The provision of assistance such as this is properly a State responsibility and the States have the administrative machinery to handle it. After careful consideration, we have decided that it would not be appropriate for the Commonwealth to participate directly in the financing of such measures.
He was referring to drought relief. The statement relates primarily to the drought in New South Wales and Queensland and not to the drought which has persisted for a number of years in central Australia. The Minister for Territories in another place came out with a magnificent statement about assistance for the drought afflicted people in the Northern Territory. The Minister said that cattle numbers in the Territory had increased to about 350,000 by 1958 but they have now declined to about 130,000. To ease the burden the Government will make the magnificent gesture of giving a direct grant of about £115,000. That might be about enough to buy a bushel of corn for each starving cow in the Territory. As the time allotted to me has almost expired, I shall refer to this subject at a later date.
There is a real challenge to the Government to do something for the pensioners, the underprivileged section in this community, and for the development of Australia to make this one of the great nations, if not the greatest nation, in the Asian sphere.
.- 1 am the third speaker tonight to make his first speech in the Senate. I think I feel as they explained they felt. First of all, I would like to thank all honorable senators on both sides of the House, and the officials for the kind welcome they have given me on taking office in this chamber. I wish to congratulate the Treasurer (Mr. Harold Holt) on his Budget for 1965-66. Its purpose is to maintain our expansion and development programme while at the same time making provision for greatly increased defence commitments. General approval of the Budget by most sections of the Australian Press reflects the general approval of the Australian people.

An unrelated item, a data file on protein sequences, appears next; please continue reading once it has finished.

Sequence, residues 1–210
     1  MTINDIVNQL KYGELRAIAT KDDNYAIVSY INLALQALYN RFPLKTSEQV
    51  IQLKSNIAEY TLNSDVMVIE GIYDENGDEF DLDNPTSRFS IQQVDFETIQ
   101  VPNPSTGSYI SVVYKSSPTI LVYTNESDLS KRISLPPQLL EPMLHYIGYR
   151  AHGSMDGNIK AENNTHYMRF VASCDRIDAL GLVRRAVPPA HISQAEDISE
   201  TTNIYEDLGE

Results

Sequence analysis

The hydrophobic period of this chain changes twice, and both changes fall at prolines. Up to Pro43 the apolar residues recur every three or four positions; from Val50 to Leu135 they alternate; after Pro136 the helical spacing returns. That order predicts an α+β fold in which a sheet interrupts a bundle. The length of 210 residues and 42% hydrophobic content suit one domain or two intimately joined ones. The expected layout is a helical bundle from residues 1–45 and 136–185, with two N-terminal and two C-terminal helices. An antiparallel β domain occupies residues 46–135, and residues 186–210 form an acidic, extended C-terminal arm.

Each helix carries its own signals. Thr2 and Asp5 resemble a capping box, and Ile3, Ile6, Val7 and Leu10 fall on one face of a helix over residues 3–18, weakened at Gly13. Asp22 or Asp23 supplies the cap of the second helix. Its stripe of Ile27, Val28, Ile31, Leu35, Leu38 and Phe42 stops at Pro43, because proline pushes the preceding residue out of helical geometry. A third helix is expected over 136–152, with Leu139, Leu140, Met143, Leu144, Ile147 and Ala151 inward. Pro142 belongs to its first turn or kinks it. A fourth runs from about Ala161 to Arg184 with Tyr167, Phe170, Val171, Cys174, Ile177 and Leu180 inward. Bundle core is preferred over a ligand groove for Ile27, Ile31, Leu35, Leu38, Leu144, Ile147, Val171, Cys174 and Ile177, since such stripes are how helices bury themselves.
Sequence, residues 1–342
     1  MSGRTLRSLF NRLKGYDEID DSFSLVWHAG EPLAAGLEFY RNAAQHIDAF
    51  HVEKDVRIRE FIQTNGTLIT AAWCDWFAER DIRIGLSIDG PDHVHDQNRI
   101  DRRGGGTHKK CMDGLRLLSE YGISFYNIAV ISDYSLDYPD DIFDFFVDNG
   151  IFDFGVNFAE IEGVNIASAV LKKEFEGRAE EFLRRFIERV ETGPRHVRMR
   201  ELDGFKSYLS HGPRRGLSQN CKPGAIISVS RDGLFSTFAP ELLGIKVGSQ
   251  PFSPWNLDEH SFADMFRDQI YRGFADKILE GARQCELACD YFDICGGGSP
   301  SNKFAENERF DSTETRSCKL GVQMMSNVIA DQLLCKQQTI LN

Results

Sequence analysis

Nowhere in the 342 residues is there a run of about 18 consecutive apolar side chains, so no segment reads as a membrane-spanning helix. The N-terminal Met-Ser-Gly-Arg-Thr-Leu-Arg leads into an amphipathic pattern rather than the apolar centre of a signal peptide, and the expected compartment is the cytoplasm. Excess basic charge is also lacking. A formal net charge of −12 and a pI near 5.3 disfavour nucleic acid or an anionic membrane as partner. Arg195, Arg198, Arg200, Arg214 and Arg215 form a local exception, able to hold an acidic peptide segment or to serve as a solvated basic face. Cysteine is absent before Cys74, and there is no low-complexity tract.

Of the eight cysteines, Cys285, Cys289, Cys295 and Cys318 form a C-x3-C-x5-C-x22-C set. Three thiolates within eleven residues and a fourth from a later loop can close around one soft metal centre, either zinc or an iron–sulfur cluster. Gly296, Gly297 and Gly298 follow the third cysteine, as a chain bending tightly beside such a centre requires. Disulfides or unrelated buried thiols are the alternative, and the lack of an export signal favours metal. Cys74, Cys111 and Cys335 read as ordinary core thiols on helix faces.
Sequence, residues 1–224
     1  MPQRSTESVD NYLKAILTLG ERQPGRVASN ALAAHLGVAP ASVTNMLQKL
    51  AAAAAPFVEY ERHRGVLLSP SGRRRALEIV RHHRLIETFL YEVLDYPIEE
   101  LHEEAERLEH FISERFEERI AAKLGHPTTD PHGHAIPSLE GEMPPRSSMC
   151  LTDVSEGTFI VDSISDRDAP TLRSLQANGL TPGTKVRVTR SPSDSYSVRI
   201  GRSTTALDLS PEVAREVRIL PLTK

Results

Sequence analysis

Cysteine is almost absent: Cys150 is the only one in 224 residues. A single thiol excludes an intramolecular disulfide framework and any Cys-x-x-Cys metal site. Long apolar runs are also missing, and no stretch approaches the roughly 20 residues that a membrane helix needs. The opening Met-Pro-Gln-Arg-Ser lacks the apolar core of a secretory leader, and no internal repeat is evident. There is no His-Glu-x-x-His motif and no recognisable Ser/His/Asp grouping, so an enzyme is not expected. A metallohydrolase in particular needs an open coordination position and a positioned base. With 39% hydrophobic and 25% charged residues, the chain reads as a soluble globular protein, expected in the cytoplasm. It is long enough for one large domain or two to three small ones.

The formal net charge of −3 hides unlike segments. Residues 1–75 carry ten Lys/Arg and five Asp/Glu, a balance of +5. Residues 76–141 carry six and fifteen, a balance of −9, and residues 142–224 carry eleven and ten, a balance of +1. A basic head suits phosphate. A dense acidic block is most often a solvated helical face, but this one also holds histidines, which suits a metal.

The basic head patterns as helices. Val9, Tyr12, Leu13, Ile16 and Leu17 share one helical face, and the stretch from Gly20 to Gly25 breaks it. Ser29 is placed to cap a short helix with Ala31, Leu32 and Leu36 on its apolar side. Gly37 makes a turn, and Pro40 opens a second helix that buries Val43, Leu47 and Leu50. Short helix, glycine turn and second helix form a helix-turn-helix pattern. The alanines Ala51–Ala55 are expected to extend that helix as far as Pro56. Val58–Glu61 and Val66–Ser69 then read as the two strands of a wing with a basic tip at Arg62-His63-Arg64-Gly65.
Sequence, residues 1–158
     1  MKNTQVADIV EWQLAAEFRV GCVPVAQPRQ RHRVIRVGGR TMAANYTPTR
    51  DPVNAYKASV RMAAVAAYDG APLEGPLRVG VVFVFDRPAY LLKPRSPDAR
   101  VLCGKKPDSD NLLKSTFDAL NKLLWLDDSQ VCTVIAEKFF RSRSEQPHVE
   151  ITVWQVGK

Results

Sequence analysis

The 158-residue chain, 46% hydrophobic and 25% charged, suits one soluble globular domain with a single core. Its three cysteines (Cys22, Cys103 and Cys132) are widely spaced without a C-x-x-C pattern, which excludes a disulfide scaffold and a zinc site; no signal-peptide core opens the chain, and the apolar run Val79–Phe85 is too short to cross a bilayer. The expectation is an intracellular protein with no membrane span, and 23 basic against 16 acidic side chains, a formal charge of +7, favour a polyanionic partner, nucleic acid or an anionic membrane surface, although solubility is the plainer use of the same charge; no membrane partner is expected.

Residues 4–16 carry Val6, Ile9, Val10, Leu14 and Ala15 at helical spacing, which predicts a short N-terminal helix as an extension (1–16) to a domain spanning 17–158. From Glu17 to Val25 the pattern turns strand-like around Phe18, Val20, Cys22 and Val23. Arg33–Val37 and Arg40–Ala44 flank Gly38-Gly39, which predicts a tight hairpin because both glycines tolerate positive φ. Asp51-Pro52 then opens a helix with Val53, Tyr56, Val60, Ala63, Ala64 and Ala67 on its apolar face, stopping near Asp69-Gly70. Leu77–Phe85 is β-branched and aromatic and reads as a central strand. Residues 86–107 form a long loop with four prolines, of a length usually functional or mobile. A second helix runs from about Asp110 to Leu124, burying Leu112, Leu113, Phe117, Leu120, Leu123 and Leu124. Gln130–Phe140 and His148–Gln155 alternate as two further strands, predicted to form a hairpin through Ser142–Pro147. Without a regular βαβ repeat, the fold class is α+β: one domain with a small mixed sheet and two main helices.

I would like to draw attention to the severe drought in many parts of Queensland, to its likely effect on the economy of that State and the nation in the near future, and more especially to its effect on our export earnings. This drought, which has persisted in many parts of Queensland for some considerable time, especially some areas where summer rains have failed to materialise, more recently has extended to regions nearer to the coast. It has affected the livestock industry and -agriculture, including wheat and sugar, in some districts. It has caused a setback to business people and residents in many towns. The recent statement by the Prime Minister (Sir Robert Menzies) on the subject, especially his reference to financial help for Queensland and New South Wales, is welcome. So is the report that the Premier of Queensland is to ask the Commonwealth for substantial financial assistance towards drought relief in his State.
It is very difficult for Government departments to make a correct assessment of losses of livestock in a drought as there is a considerable lag in returns. I believe that stock losses will prove greater than at present estimated. One thing is certain, however, and that is that many stock owners will not forget this drought for some time. They have incurred such debts in keeping their stock alive that it will be years before they can reduce those debts to manageable proportions. In the meantime, development work on their properties must of necessity cease to the detriment of themselves, the country towns and the nation as a whole. There are numerous cases, where, already, stock owners have incurred debts for fodder greater than’ the present day value of their stock and they still do not know when relief will come in the form of drought breaking rain. It is essential that adequate finance be made available to enable stock owners to carry on and see the drought through and to save as many stock as possible. When the drought eventually breaks, many men on the land will require additional finance for rehabilitation, re-stocking and so on. Many of these men will be outside the normal banking risks, being already very deep in debt because of the drought. Arrangements must be made therefore to overcome the situation they will face.